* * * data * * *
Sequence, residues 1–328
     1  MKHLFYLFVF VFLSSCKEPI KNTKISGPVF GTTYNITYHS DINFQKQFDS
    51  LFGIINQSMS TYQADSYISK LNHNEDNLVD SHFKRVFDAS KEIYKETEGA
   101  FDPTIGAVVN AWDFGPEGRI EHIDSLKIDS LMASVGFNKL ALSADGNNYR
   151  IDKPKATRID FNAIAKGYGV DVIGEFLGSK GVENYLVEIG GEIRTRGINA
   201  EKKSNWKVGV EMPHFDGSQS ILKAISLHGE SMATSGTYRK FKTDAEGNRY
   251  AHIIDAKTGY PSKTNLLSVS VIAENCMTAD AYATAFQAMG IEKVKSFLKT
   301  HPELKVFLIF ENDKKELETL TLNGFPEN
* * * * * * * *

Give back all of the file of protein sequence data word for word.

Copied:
Sequence, residues 1–328
     1  MKHLFYLFVF VFLSSCKEPI KNTKISGPVF GTTYNITYHS DINFQKQFDS
    51  LFGIINQSMS TYQADSYISK LNHNEDNLVD SHFKRVFDAS KEIYKETEGA
   101  FDPTIGAVVN AWDFGPEGRI EHIDSLKIDS LMASVGFNKL ALSADGNNYR
   151  IDKPKATRID FNAIAKGYGV DVIGEFLGSK GVENYLVEIG GEIRTRGINA
   201  EKKSNWKVGV EMPHFDGSQS ILKAISLHGE SMATSGTYRK FKTDAEGNRY
   251  AHIIDAKTGY PSKTNLLSVS VIAENCMTAD AYATAFQAMG IEKVKSFLKT
   301  HPELKVFLIF ENDKKELETL TLNGFPEN